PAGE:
We tossed our bags onto the floor of The Brown Palace and hurriedly got dressed. The boys in their dress shirts and I in my Diane von Furstenberg dress. We were going to Denver’s award-winning restaurant, Mizuna. I hoped that if at least we looked nice it would soften the impact of four antsy boys who had just sat in a car for five hours.
I came across Mizuna on the Nature Conservancy website. The restaurant was being commended for it’s sustainable menu where aspiring Chef Taylor Drew writes of the rising consciousness to grow and buy local food:
“Food is something we mostly take for granted. Where it comes from and how it gets to our plates is not always on our minds when we sit down to eat. As I learn more about creating cuisine, I see the need to develop an intimate understanding of the food I’m preparing or eating. But this shouldn’t just be the case for chefs. Knowing how something was grown, or where it’s from, or whether it was harvested in a sustainable manner can tell you a lot about the environmental impact of our meals. “My suggestion is to start with one dinner a week where you learn the story of each ingredient. Before you know it, you will be reading labels, asking more questions, spending Saturdays at farmers markets and making meals that you can take pride in preparing.”
At the hotel, Vince arranged for Leewood to pick us up in the town car and take us there. The boys shook hands with Lee who was a wealth of information having been in the driving and concierge business for over twenty years. In the short drive over he spoke of his interludes with Snoop Dog, Cher and other impressionable celebrities.
Coincidentally, as Leewood offered his hand to help me out of the car, an Aspen photographer I know, Jim Paussa, was walking by. Taking photos of us he kept asking, “Wait, so what are you doing here?” It’s hard to grasp the concept, I know, me with four boys, going out for a nice dinner in Denver.
The restaurant, a small slice of Europe in Denver, has lemon glazed walls that brought Limoncello to mind and fifty-four tables laid out in a charming space. But it does not stop there, Executive Chef and Proprietor, Frank Bonanno, is a Chef about town with Luca D’Italia, another award winning venue. Other restaurants he has opened that offer “quality and freshness, but at an accessible price point” are Osteria Marco, designed to be the little brother to Luca, Bones, Green Russell, an “adult cocktail joint” and Lou’s Food Bar, known as the little brother to Mizuna.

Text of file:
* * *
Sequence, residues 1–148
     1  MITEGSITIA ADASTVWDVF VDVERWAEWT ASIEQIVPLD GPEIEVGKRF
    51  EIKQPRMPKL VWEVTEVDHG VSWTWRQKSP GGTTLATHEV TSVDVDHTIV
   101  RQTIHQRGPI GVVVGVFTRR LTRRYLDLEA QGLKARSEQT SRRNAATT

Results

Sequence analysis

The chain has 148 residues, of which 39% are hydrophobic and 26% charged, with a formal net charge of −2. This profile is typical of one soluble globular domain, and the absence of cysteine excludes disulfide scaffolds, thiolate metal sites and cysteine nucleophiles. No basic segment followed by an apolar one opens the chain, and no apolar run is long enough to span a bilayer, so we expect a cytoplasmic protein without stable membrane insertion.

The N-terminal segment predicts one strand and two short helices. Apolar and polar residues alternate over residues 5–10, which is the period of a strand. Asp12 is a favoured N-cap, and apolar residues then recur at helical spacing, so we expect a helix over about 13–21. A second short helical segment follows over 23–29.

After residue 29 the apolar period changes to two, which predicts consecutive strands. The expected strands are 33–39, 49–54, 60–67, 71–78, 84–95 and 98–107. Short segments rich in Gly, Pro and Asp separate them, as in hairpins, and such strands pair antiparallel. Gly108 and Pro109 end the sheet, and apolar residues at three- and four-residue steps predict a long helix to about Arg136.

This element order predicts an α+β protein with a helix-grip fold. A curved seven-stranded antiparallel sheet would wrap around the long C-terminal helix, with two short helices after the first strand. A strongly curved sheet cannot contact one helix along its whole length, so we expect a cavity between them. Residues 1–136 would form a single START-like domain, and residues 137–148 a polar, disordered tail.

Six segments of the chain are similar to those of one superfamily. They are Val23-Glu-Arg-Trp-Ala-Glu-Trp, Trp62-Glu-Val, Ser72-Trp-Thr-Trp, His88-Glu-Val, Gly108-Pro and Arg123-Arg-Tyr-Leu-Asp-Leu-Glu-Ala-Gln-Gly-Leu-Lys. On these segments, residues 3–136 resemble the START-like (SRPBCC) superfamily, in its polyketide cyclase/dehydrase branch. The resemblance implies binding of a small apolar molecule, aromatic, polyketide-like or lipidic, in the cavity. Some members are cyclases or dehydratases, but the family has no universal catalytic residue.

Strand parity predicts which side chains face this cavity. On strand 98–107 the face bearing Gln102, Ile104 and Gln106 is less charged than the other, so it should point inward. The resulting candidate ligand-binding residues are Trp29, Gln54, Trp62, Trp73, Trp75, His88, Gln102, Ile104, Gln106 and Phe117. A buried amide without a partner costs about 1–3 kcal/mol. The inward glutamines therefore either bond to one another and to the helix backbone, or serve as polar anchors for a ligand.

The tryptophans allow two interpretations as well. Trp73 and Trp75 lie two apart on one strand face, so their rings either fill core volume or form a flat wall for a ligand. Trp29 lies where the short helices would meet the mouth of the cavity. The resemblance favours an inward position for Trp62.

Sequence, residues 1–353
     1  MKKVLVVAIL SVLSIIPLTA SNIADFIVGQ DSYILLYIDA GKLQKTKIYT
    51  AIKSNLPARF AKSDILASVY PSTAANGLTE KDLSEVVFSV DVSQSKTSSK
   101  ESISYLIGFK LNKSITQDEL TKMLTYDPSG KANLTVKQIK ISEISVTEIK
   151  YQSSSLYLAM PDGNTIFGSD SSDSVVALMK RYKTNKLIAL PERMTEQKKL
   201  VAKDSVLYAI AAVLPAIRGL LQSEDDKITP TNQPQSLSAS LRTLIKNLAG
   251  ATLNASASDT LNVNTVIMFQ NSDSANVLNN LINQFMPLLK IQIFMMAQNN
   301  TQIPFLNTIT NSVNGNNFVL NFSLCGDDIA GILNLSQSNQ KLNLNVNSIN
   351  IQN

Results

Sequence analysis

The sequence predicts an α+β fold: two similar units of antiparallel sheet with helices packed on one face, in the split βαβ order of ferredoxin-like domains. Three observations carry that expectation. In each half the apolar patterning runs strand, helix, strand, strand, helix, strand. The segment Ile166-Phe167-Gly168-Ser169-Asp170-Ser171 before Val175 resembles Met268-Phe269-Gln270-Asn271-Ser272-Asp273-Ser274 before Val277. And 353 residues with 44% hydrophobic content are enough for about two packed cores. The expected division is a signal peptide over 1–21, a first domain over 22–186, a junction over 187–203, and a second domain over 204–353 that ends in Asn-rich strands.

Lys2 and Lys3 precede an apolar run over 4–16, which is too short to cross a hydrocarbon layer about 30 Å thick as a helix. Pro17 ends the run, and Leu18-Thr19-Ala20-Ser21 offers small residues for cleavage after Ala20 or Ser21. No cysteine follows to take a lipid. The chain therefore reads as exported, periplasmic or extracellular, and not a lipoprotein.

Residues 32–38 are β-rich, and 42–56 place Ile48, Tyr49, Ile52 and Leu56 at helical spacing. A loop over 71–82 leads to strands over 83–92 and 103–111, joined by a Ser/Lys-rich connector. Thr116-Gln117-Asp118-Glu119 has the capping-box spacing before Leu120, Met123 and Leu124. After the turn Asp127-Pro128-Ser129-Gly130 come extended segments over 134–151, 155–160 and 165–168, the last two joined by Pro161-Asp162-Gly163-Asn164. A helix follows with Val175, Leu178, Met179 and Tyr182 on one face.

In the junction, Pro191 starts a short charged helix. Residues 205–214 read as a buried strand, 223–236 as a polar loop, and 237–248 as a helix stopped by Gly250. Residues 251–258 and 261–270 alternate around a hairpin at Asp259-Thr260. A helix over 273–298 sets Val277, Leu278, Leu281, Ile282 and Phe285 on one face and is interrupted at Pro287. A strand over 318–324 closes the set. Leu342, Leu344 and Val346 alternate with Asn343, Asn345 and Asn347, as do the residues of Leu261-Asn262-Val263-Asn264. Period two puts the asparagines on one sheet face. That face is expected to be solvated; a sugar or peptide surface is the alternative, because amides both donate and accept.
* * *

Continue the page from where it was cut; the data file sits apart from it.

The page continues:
I read the menu that Bonanno describes as, “Cooking inspired by classic French techniques, but with the simplicity of great American fare.” I was eager to experience the food so beautifully described on their website:
“Locally grown items are at the peak of their flavor….Our chefs start their days with the sun—creating rich stocks from farm raised meats and wild fishes, kneading yeasty doughs, slicing the juicy hearts of ripe vegetables, spinning fresh ice creams. They taste and select cheeses, herbs and produce from local vendors like The Truffle, Verde Growing and Mountain Produce.”
Being with the boys precluded me from tasting all the delicious items such as; the Confit Baby Artichokes, Gruyere Fondue and Garlic Bread Crumbs or the Chilled Vichyssoise Soup. With a French father who owns my favorite deli in Aspen, Jour de Fete, Preston is my food confidante, adventurously trying food I offer him. But tonight he refused to break out of the mac and cheese box, even when offered the poached Maine Lobster & Mascarpone Enriched Elbow Pasta or the Spring Pea Agnolotti. He did share with me the Kiowa Farm Egg Omelet with Morel Mushrooms and Herbed Creme Fraiche. A light and deliciously fresh dish.
Although intriguing, I opted away from the Pan Roasted Ostrich Loin and ordered the Frisee Salad with Jamon Serrano, Macerated Figs and Midnight Bleu Cheese. For my entree I ordered the Pan Seared Wild Copper River Salmon with Baby Eggplant & Sishito Pepper Stir-Fry. The Salmon was perfectly cooked and played well together on my palette with the the spicy pepper, eggplant and crunchy Tempura Rice Cake.
The people sitting at the table adjacent to us were a lively crew but when they began to tell a story about one of their friends who had fallen off of his horse and was suffering from brain damage, I quickly deterred the boys from listening by telling them to show me their silly look. Preston was happy to show off his family fish face.
(thought I’d throw in the one of Tucker in a wine glass)
I was impressed by the restaurant’s home-made Grenadine and the die-free Maraschino cherries sporting the boys’ Shirley Temples, but the sugar content was still high and Brevitt was beginning to pick up the rambunctious pace. He is on Clariten to help with his ferocious allergies and I saw quickly that it does not mix well with sugar. I knew we were running out of time when they began to ding their forks on the glasses to make music and so I motioned for the bill. Alas, no dessert.
Bonanno’s attention to keeping things local goes beyond food. He is also philanthropic and gives back to the community by supporting the Denver Public School lunch programs, Mile High Squash, The Children’s Hospital and Judi’s House—raising over a million collective dollars in the past six years for Colorado causes.
I did not get the chance to meet Frank Bonanno but I will be back to visit his other restaurants and hopefully follow him around in the kitchen with my camera and one of his sustainable cocktails in hand.
**The Monterey Aquarium’s Seafood Watch provides a pocket guide that breaks down seafood regionally into good choices, good alternatives and what to avoid. Seafood Watch now has an iPhone app.